ACTA and The Internet

The latest attempt at censoring the internet has now met with fierce resistance from Europe. Widespread protests have already been seen in Poland and on February 11th a Europe wide protest against ACTA is expected. ACTA began it’s existence in the secrecy of backroom meetings, it was only during a leaked version of the agreement that ACTA came into public sight. Many have been of the opinion that ACTA has largely been partly a result of lobbying by the entertainment industry and the final version of the already signed treaty has received a great reception from the MPAA. Something must be wrong then.

I’m not entirely against ACTA, some of it’s ideas are legitimate and maybe necessary in the global market place. But it’s bad parts would be terrible for the internet and the treaty has far to many potential consequences. Issues have been brought up about it limiting the ability of third world countries to manufacture generic drugs, unfair criminal proceeding’s against unintentional copyright infringers are a potential consequences of this bill. These are very concerning but this article is going to limit it’s scope and try determine it’s potential impact on the internet.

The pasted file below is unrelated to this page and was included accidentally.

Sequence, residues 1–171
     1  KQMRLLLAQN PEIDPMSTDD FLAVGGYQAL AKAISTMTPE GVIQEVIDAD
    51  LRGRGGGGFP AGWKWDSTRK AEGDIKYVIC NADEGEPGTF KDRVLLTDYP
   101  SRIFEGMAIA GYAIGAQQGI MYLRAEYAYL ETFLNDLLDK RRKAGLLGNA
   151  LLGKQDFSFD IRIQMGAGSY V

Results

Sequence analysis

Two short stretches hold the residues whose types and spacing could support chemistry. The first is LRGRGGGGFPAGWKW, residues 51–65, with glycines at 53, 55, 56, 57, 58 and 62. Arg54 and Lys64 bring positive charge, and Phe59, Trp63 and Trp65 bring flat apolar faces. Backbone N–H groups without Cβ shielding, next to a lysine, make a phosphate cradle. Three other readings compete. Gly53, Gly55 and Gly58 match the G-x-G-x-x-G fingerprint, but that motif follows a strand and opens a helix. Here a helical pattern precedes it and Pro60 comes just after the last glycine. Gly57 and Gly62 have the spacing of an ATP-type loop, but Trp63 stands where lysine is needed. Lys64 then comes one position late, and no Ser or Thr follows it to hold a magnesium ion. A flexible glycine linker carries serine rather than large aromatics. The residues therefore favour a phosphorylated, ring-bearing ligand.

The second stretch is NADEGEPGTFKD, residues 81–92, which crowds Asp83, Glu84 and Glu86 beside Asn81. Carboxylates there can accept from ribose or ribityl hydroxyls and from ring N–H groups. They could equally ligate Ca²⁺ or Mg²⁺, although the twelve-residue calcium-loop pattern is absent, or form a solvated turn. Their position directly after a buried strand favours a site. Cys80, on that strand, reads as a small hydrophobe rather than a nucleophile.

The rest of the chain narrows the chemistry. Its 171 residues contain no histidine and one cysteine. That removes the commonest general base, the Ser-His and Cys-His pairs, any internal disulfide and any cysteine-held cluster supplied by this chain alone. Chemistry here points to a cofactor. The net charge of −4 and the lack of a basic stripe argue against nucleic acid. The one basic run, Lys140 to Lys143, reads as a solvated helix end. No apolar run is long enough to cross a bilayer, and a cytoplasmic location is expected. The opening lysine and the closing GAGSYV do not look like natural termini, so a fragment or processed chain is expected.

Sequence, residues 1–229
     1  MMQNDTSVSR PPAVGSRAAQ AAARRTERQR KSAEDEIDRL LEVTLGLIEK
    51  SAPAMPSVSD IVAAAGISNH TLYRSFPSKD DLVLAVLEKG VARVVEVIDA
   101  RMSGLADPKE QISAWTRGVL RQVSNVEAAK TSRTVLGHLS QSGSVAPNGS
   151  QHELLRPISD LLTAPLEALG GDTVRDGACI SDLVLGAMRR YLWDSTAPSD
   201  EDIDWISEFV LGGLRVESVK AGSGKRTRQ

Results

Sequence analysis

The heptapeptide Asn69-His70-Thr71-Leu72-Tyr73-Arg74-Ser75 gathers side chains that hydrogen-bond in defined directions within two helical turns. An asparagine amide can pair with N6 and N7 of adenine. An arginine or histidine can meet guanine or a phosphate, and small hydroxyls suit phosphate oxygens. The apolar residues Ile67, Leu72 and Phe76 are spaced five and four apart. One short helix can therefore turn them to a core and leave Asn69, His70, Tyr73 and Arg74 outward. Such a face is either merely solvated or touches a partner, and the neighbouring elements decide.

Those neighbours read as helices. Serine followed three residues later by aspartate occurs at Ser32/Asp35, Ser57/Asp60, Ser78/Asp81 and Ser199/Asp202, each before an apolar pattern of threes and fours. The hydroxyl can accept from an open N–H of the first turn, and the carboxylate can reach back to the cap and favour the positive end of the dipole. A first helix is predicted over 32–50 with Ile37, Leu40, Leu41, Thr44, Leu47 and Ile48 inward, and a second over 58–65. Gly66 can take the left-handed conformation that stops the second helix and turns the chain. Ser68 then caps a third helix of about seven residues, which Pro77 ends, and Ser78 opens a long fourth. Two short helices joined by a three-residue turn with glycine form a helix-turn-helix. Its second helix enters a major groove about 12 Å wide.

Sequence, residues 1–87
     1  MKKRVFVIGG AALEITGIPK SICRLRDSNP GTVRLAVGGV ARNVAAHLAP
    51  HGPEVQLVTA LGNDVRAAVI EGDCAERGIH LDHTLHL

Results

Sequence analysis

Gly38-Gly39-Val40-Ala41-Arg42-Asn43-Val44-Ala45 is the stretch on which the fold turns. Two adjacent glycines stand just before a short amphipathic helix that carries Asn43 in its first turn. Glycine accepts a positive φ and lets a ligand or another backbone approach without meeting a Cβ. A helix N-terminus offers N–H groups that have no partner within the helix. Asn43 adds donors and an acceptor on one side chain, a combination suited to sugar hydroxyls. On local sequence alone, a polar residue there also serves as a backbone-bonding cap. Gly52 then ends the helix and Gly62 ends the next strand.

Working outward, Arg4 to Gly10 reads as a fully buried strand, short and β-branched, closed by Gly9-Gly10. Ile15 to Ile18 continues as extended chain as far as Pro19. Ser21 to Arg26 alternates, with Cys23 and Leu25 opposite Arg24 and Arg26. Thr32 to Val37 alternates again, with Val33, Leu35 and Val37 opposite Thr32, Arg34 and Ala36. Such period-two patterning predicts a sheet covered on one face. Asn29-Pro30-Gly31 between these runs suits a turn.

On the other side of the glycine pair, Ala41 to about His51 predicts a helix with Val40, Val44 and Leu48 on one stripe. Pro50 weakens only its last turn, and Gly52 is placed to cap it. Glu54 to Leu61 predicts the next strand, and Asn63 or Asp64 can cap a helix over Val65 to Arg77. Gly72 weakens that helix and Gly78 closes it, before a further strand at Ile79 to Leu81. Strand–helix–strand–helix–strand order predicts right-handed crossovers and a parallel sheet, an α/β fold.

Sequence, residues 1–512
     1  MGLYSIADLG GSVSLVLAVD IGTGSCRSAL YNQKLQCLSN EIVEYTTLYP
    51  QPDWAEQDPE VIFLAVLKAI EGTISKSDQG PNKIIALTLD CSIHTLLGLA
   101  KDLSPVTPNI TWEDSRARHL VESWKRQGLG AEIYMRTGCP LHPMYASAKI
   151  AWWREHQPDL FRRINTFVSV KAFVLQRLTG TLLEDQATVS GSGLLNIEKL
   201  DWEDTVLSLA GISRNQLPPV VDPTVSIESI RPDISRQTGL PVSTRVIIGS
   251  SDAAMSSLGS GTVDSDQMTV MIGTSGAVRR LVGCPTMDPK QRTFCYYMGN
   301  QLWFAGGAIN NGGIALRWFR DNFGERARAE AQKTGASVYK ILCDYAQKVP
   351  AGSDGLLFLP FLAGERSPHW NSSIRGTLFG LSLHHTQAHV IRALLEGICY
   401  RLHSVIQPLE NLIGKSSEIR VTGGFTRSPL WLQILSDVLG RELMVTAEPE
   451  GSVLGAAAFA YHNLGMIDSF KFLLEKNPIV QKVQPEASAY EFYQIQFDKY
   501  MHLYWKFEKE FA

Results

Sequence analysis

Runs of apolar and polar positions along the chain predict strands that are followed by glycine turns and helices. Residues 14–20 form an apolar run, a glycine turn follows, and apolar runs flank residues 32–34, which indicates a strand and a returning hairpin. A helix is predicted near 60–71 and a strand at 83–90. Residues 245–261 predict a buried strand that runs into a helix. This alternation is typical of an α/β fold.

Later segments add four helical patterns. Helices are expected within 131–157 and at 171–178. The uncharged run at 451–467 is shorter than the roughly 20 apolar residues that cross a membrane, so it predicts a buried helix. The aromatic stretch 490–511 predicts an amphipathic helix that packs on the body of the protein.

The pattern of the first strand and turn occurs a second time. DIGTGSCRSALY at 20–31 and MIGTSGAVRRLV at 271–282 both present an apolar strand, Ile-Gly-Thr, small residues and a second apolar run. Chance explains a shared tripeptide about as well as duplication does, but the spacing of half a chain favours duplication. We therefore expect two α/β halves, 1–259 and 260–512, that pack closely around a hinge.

The digital provisions are draconian, it makes circumventing DRM illegal and tools which help circumvent these measures as illegal. Unlocking your I-Phone is illegal under these measures. Much like bill C-11 it will limit the ability to consume content. DVD’s use DRM, games use DRM, computer programs use DRM. And open-source programs would find themselves incredibly limited by this measure. VLC might even be illegal under these provisions.

When the first copy of ACTA was leaked, it was widely speculated that it would require the signer’s to implement some sort of three strike rule, which forces ISP’s to disconnect alleged infingers from the internet. In the final version of the treaty this policy was no where to be found.  That doesn’t mean,  it will not return in some other form though. ACTA creates a  committee which is free to pass more amendments, the treaty does not limit what those amendments would require. The three strikes law could still be implemented at another date, this is what makes the treaty so concerning, once the treaty is passed it can continue to pass more amendments. It would act as a body to press countries into laws that they might not agree with. Anti-piracy measures would almost guaranteed become more draconian in Canada. Just because the document does not explicitly mention internet piracy does not mean it is not one of the biggest reasons for passing ACTA.

The European Commission’s says “ACTA ensures people everywhere can continue to share non-pirated material and information on the web”. What is concerning is what that will mean for ‘pirated-material’. Free-flow of information is not possible if your blocking it, especially when that information is blocked by a treaty that’s been created with little transparency and approved by heavily lobbied bureaucrats.

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